Week 3 (2/3): Schools and Inequality: theories, causes and outcomes; what we knew about interventions that work in 1988
Readings: Lisbeth Schorr, Within Our Reach: Breaking the Cycle of Disadvantage (1988), ix-xxix, 215-294.
FIRST HALF OF CLASS WILL TAKE PLACE AT LEA CAFETERIA, in-service training on cafeteria management
Week 4 (2/10): What Works and Why We Have Had So Little of It (1998)
Readings: Lisbeth Schorr, Common Purpose: Strengthening Families and Neighborhoods to Rebuild America (1998), ix- 64, 232-297.
Speaker: Joel Berg, Director, New York City Coalition Against Hunger (Joel Berg email@example.com)
**Paper due on factors most influencing your/your family’s health and education
Week 5 (2/17): School “climate” issues: priorities, strategies and positive behavior interventions
Speaker: Caroline L. Watts,
Graduate School of Education
Readings: PCCY REPORT ON GOOD SCHOOL CLIMATE AND EFFECTIVE BEHAVIORAL HEALTH SUPPORTS (sept, 2007)
Barry McCurdy, Mark Mannella, Norris Eldridge, "Positive Behavior Support in Urban Schools, JOURNAL OF POSITIVE BEHAVIOR INTERVENTIONS, summer, 2003
Lisbeth Schorr, "The Lessons of Successful Programs," from WITHIN OUR REACH, 256-280
Week 6 (2/24): Educational inequalities: theories, causes and strategies; school financing
Speakers: Jonathan Cetel, Good Schools Pennsylvania
(Jonathan Cetel firstname.lastname@example.org)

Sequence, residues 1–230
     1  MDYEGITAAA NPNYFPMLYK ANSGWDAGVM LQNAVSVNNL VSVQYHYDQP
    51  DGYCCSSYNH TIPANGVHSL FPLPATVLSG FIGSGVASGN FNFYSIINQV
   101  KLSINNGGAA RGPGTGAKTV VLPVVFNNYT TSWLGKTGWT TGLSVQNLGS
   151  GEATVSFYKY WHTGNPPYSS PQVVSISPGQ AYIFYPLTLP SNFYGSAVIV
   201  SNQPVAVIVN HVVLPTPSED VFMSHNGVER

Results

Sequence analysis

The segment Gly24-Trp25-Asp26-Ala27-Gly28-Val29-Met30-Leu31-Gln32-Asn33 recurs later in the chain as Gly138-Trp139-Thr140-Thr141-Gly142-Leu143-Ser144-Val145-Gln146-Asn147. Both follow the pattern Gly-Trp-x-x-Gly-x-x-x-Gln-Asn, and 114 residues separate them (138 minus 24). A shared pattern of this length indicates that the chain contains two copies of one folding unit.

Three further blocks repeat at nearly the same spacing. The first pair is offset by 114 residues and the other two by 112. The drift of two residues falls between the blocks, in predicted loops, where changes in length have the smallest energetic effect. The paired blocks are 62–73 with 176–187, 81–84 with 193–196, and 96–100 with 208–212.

Josh Varon, Education Law Project
( "Varon, Josh" email@example.com)
Readings: http://www.goodschoolspa.org/ (See especially “study and action guide” and reports under “Learn”)
http://www.elc-pa.org/ (especially publications and “program areas’)
Week 7 (3/3): Politics of conflicting priorities for School Meals: who is served what and how.
Speakers: Kathy Fisher, Public Citizens for Children and Youth
(Kathy Fisher KathyFisher@pccy.org)
Sandy Sherman, Food Trust
(Sandy Sherman firstname.lastname@example.org)
Readings: Introduction and epilogue, Susan Levine, School Lunch Politics: The Surprising History of America’s Favorite Welfare Progam (2008), 1-9, 179-191
Food Research and Action Center: “School Breakfast Scorecard: School Year 2007-2008.
Week 8 (3/17) Educational inequalities: theories, causes and strategies; No Child Left Behind
Readings: Sunderman, et al, NCLB Meets School Realities, ix-38
(Shame of the Nation group should be prepared to help lead discussion.)
Week 9 (3/24): Promoting Health in Schools:
Readings: School Health Index Middle School/High School training manual, introduction, instructions, a relevant module and resources.
(Amazing Grace group should be prepared to help lead discussion.)
**Kozol paper first draft due
Week 10 (3/31) Kozol roundup: Children and schools; politics, policy, citizenship, service and advocacy
**Kozol paper final draft due
Week 11 (4/7) Taming Bureaucracies to Support What Works
Readings: Lisbeth Schorr, Common Purpose, (1998), 65-154
Week 12 (4/14) Service Project Reports
First draft of interview/reflection/analysis paper due
Week 13 (4/21) Service Project Reports **LAST CLASS**
First draft of final op ed/supporting paper due
4/28 Final draft of interview paper due
5/5 Final draft of op ed due